2. Aircraft major Boeing announced that it is one of the six companies to receive the Aerospace Systems Air Platform Technology Research program contract from the U.S. Air Force. The deal has a ceiling value of $499 million.
Per the contract, the company will be responsible for providing quality research for affordable, revolutionary capabilities for the warfighter. It was awarded by Air Force Research Laboratory, Wright-Patterson Air Force Base, OH. Boeing expects to complete the task by Aug 31, 2025, at its Hazelwood, MS facility (read more: Boeing Secures $499M Contract From U.S. Air Force).
3. Defense prime Orbital ATK won a contract worth $157 million from the U.S. Navy, for manufacturing 6th lot of Advanced Anti-Radiation Guided Missile (AARGM). Per the terms of the deal, the company will convert AGM-88B High Speed Anti-Radiation Missiles into 230 AGM-88E AARGM All-Up-Rounds and six captive air training missiles.
Majority of the work related to the contract will be carried out at Northridge, CA. Notably, AGM-88E are supersonic, medium-range, air-launched tactical missiles, compatible with all variants such as F/A-18, Tornado, EA-18G, F-16, EA-6B and F-35 (read more: Orbital ATK Secures $157M Contract from the U.S. Navy).
4. Rockwell Collins announced that it has finally reached a definitive agreement with United Technologies. Per the deal, the former will be acquired by the latter for a total transaction value of $30 billion. The deal is projected to wrap up by the third quarter of 2018, depending on consents from Rockwell Collins’ shareowners and other customary closing conditions, including the receipt of required regulatory approvals.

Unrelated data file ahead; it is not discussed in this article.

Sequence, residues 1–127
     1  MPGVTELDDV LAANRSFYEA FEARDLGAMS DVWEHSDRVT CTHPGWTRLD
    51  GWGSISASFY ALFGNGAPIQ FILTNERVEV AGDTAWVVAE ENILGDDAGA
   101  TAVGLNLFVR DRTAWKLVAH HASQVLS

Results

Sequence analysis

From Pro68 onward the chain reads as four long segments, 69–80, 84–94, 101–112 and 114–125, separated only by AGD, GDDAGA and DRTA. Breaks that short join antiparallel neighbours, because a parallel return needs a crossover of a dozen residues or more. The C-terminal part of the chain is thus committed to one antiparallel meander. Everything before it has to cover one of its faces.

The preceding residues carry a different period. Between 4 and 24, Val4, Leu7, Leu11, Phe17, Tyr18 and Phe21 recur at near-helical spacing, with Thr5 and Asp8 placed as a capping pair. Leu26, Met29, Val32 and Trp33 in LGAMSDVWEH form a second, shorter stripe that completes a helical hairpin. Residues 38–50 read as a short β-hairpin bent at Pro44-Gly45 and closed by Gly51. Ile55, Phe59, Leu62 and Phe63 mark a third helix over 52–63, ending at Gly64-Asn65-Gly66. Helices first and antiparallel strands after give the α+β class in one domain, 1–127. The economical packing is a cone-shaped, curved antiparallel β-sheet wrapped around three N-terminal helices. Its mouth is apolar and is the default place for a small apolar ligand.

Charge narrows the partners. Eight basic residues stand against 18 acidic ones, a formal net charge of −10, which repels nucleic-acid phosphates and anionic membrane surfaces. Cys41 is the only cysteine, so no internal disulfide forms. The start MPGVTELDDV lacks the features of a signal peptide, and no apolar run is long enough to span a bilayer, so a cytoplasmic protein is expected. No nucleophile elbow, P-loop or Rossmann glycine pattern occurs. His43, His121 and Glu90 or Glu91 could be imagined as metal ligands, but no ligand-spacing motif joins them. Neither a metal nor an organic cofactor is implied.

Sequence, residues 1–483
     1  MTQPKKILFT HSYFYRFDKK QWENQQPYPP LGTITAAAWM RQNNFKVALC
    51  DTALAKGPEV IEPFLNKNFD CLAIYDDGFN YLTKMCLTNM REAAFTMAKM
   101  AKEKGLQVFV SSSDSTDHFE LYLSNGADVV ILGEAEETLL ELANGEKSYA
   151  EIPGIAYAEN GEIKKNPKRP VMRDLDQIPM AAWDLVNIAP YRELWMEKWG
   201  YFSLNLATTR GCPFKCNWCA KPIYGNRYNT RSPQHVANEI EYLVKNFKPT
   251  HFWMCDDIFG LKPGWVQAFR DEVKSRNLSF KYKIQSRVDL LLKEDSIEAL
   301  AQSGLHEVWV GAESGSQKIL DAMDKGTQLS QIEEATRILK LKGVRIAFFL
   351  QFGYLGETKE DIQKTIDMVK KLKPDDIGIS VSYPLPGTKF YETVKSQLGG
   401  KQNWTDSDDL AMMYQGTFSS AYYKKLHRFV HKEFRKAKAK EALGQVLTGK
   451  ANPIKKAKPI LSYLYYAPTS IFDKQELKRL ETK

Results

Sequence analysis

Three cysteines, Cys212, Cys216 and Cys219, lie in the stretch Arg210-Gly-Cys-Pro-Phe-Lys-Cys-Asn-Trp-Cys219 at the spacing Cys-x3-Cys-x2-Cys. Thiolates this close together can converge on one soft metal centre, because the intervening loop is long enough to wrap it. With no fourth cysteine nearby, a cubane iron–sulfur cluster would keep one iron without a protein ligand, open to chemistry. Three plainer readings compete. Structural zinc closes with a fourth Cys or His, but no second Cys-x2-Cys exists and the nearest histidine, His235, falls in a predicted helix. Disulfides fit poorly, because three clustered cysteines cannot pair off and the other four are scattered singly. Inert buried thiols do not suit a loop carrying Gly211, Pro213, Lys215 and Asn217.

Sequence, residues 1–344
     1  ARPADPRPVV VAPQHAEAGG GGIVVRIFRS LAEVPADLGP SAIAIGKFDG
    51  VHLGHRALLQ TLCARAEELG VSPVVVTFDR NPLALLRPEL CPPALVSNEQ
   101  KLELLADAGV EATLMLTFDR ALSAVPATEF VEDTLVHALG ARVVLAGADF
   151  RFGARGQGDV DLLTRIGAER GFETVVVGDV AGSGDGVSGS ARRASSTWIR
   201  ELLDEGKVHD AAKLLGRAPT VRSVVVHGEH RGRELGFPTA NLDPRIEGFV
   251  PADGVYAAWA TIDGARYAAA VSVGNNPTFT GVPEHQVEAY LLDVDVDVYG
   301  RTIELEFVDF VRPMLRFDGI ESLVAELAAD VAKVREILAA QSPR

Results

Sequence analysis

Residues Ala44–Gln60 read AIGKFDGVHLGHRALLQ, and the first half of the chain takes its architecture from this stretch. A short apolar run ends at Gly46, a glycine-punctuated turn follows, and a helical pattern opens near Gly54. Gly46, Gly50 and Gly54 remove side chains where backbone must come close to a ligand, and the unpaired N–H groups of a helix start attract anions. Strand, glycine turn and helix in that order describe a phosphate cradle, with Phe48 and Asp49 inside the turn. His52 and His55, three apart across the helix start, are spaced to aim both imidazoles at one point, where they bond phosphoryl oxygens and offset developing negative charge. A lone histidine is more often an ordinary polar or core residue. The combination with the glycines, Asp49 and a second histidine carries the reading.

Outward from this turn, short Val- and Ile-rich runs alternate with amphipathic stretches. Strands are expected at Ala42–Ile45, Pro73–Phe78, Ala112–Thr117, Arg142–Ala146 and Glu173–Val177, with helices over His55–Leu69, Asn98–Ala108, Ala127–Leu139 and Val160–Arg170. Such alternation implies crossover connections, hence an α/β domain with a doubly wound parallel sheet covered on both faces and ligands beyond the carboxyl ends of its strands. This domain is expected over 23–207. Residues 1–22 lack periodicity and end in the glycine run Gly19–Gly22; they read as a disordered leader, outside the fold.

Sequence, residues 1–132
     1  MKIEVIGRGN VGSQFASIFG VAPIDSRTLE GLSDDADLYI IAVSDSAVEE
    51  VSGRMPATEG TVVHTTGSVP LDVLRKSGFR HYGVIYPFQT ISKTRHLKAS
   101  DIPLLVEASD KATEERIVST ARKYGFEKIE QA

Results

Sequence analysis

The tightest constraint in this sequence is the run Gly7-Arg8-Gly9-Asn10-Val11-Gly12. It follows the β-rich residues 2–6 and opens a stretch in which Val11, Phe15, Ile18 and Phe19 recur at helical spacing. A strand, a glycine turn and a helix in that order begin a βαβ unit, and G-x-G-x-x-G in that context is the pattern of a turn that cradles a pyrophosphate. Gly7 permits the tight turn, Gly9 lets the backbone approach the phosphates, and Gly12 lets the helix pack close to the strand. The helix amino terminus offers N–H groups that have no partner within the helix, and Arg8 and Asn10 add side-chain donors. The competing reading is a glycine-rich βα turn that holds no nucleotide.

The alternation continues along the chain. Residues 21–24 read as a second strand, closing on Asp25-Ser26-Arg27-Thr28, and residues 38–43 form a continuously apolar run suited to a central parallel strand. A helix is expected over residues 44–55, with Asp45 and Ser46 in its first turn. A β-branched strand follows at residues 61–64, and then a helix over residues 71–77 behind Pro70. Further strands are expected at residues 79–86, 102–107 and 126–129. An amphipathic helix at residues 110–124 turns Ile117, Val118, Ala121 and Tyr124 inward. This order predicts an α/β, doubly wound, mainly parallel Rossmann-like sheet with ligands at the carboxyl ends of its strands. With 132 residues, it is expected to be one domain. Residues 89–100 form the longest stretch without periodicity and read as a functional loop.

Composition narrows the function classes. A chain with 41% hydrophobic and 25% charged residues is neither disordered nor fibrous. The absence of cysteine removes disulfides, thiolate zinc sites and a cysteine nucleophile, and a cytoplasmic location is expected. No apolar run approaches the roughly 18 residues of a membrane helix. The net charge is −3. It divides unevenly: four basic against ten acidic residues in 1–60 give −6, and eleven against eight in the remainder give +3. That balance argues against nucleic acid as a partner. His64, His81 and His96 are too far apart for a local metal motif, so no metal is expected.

United Technologies expects the acquisition to be accretive to its adjusted earnings per share after the first full year, following the deal’s closure. The takeover is estimated to generate more than $500 million of run-rate pre-tax cost synergies by the fourth year.
On completion, Rockwell Collins and United Technologies’ Aerospace Systems will be integrated to form a new business unit named Collins Aerospace Systems (read more: Rockwell Collins Clinches $30B Deal With United Technologies).
Over the last five trading sessions, most of the defense biggies, except Raytheon Company (RTN - Free Report) and Rockwell Collins, put up a dismal show. Notably, shares of General Dynamics Corp. (GD - Free Report) lost the maximum, 2.32%, in the last five days, followed by Northrop Grumman Corp. (NOC - Free Report) .
On a bright note, over the last six months, the entire industry has put up a stellar performance. Rockwell Collins gained the most, with its shares rising 34.73%, followed by Boeing.
The following table shows the price movement of the major defense players over the past five trading days and during the last six months.
|Company||Last Week||Last 6 Months|